- Matthew Leybourne is Associate Professor of Geochemistry in the Department of Earth Sciences at Laurentian University. He is a graduate of the University of Waikato in New Zealand and the Acadia University, and he received his PhD from the University of Ottawa. He started his career working on the hydrogeochemistry of surface waters in the VMS environment, in the Mineral Resources Division of the Geological Survey of Canada, before taking a position as Assistant Professor of Geochemistry at the University of Texas in Austin where he established a new ICP-ES/MS and IC geochemical facility. In 2006 he moved to New Zealand, where he was Senior Scientist at GNS responsible for fluid geochemistry of active submarine hydrothermal systems. He established a new IC-MS laboratory at GNS and was Object Leader in NZs offshore minerals program. In 2012 he moved back to Canada to become the Senior Geochemist at ALS Minerals in Vancouver, where he provided technical and scientific leadership in method development and applications. His diverse career has made him one of the leading experts in Canada on geochemistry applied to mineral exploration and the interpretation of hydrothermal ore deposits.
- Daniel J. Kontak is Professor of Economic Geology and Chair of Earth Sciences at Laurentian University. He obtained a B.Sc. at St. Francis Xavier University in Nova Scotia and studied the metallogeny of uranium in the Central Mineral Belt of Labrador for his M.Sc. (1980) at the University of Alberta. He completed a Ph.D. at Queen's University in 1985 on the metallogeny of granite-related mineral deposits in the Andes. From 1986 to 2006, Prof. Kontak was the leading economic geologist with the Nova Scotia Department of Natural Resources, where he worked on a variety of mineral resource projects, including granite Sn‑W‑Ta‑base metals, pegmatite Ta‑Li, metamorphic and intrusion related Au, VHMS, porphyry Cu‑Mo‑Au, carbonate Zn‑Pb‑Ba, and industrial minerals (barite, zeolites). He joined the faculty of Laurentian University in 2006. His research interests span the geological setting of base and precious metal deposits with an emphasis on integrating field and laboratory studies to unravel the nature and origin of the mineralizing environment, from regional to local scales, including geochronology, petrology, stable and radiogenic tracers, whole rock and mineral chemistry and fluid chemistry. He serves in many roles in the geoscience community in Canada, including Past President of the Mineralogical Association of Canada.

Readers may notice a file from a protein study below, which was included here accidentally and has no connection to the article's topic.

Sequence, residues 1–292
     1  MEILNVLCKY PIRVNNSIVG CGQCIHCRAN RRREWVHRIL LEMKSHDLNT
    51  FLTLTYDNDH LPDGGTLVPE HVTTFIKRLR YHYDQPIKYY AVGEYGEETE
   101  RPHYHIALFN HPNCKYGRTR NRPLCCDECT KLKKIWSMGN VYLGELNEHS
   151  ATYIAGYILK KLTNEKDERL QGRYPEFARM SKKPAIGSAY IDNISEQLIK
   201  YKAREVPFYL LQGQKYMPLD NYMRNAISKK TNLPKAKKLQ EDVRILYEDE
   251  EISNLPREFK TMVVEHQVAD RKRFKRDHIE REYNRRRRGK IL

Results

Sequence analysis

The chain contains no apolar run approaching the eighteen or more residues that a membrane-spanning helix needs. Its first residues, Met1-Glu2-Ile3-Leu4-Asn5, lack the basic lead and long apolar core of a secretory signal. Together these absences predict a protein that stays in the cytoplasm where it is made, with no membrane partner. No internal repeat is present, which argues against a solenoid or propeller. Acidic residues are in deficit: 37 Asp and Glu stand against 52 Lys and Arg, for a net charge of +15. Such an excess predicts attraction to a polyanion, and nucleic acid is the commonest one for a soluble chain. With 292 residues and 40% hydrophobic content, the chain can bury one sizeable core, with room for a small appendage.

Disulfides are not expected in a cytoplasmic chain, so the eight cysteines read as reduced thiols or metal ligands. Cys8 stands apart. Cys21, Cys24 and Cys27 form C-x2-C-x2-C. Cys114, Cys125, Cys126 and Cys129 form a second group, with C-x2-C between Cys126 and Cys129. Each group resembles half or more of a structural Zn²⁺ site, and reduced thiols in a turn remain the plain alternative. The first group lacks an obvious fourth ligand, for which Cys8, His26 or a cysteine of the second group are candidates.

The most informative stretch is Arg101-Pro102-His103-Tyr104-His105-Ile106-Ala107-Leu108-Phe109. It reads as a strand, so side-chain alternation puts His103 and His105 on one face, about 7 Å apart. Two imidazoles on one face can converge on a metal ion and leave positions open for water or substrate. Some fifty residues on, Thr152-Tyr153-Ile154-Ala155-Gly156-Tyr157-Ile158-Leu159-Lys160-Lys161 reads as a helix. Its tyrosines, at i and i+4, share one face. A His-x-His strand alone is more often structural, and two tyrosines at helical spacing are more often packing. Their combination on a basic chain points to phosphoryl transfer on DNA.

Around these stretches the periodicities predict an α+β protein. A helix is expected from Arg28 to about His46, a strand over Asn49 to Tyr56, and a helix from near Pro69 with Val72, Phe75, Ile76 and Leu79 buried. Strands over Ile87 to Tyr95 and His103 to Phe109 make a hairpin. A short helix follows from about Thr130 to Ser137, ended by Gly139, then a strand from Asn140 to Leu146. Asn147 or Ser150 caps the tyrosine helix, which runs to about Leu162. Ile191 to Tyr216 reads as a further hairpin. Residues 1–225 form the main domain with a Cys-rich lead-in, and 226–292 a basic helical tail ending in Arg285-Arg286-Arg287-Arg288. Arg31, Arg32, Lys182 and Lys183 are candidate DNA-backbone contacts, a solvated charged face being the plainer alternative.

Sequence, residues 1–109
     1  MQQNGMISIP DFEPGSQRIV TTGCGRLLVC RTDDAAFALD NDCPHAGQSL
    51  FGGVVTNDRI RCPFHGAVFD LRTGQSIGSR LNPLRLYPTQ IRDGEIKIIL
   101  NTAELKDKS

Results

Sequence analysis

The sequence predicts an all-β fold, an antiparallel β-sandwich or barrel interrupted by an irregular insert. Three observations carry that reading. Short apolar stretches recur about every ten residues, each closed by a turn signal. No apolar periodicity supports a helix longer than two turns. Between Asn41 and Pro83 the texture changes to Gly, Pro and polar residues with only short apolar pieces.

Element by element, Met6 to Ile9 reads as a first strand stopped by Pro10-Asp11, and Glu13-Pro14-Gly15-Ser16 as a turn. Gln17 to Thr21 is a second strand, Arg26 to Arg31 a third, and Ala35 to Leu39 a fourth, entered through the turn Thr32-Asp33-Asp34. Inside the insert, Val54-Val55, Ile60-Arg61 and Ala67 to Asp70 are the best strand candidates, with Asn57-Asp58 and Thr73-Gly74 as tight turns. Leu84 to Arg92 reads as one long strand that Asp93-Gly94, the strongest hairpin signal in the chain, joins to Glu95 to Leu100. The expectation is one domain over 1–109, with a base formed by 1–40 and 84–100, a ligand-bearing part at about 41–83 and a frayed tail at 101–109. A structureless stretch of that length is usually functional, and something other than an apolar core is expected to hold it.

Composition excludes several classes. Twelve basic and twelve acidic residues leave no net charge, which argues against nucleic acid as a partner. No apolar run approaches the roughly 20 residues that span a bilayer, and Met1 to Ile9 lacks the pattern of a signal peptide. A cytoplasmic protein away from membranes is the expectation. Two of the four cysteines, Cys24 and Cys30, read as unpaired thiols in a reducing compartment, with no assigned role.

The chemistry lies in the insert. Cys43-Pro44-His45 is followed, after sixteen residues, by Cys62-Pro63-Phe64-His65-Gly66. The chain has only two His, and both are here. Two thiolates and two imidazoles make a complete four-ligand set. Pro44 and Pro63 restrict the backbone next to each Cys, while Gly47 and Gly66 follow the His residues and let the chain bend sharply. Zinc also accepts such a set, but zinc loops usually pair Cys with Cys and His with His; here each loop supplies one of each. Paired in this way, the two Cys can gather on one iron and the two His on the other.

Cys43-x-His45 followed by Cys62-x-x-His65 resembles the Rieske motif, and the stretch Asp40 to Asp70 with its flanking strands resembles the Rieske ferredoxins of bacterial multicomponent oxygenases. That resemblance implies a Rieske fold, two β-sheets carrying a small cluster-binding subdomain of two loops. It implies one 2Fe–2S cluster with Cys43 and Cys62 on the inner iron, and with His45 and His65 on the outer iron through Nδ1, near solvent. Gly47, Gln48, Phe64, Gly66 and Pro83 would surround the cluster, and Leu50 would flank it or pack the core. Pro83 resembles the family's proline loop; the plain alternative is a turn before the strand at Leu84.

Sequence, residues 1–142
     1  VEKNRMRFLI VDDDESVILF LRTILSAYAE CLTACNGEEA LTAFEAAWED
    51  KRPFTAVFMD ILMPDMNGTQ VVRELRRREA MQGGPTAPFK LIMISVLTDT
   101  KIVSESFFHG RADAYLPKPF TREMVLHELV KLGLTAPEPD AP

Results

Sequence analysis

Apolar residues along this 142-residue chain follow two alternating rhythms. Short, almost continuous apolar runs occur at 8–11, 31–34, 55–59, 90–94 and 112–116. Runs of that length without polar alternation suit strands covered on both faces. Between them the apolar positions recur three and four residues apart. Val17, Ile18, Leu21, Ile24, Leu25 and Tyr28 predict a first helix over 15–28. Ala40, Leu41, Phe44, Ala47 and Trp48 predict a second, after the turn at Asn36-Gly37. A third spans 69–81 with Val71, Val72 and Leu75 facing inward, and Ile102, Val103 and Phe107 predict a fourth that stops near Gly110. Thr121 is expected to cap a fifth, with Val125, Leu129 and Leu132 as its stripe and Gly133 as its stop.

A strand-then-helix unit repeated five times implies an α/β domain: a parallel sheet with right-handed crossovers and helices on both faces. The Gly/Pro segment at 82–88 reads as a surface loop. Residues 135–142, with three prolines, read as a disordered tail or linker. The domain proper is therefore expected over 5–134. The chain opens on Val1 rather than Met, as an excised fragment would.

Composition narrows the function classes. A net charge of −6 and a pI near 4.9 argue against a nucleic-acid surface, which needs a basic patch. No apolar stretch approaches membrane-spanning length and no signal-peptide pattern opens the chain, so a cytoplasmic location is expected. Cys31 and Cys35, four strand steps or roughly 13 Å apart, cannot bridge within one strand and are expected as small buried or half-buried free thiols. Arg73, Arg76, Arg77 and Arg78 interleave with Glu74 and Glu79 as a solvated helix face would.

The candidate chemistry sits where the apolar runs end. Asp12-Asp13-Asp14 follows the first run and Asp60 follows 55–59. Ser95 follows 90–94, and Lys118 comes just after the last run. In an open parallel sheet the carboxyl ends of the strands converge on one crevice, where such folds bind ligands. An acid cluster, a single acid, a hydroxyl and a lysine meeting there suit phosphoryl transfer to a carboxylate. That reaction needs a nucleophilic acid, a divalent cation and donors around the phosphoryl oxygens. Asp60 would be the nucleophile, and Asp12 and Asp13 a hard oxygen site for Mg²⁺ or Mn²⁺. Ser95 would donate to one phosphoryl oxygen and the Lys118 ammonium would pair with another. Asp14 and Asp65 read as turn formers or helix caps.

- Richard J. Goldfarb was a research geologist with the Minerals Program of the U.S. Geological Survey for 36 years. He has conducted studies on the distribution of gold deposits throughout the world, compiling some of the most comprehensive global descriptions of their spatial-temporal setting and evaluating their controlling factors. His research has been focused on global metallogeny, geology of ore deposits in the North American Cordillera with emphasis on orogenic gold, distribution and geology of lode gold deposits in China and elsewhere in Asia, and fluid inclusion and stable isotope applications to the understanding of ore genesis. Rich has senior authored and co-authored more than 225 papers on mineral resources, with many recognized as the authoritative research on orogenic gold and on aspects of regional metallogeny. He has served as President of the Society of Economic Geologists, is a past Silver Medalist and lecturer of the Society, has served as chief editor of Mineralium Deposita, is presently on the editorial board of Economic Geology and was one of the co-editors of the Economic Geology 100th Anniversary Volume. He received his BS in geology from Bucknell University, MS in hydrology from MacKay School of Mines, and PhD in geology from the University of Colorado. Presently, he is an adjunct professor at Colorado School of Mines and China University of Geosciences Beijing, as well as an independent consultant.
- Jeremy P. Richards is Canada Research Chair in Metallogeny at Laurentian University, Sudbury, and is a registered professional geologist. He received a BA in geology from Cambridge University in 1983, an MSc from the University of Toronto in 1986, and a PhD from the Australian National University in 1990. He was appointed as Lecturer at the University of Leicester, UK, in 1992, and joined the University of Alberta in 1997 where he worked as a Professor in Economic Geology before moving to Laurentian University in 2017. His research interests focus on the genesis of hydrothermal mineral deposits, and in particular regional tectonic and magmatic controls on porphyry and epithermal mineralization. He also pursues research in sustainable development as applied to the minerals industry. He is currently an associate editor of the journal Economic Geology. He was chief editor of a Society of Economic Geologists Special Publication on Tethyan Tectonics and Metallogeny (2016), editor of the journal Exploration & Mining Geology, and associate editor of the Economic Geology 100th Anniversary Volume and Mineralium Deposita. He received the Society of Economic Geologists Lindgren Award in 1995, and Silver Medal in 2016; he was the SEG 2002/2003 International Exchange Lecturer, and the SEG 2016 Thayer Lindsley Visiting Lecturer. He has also received the Geological Association of Canada Hutchison Medal in 2007, and the Canadian Institute of Mining and Metallurgy Julian Boldy Memorial Award in 2007.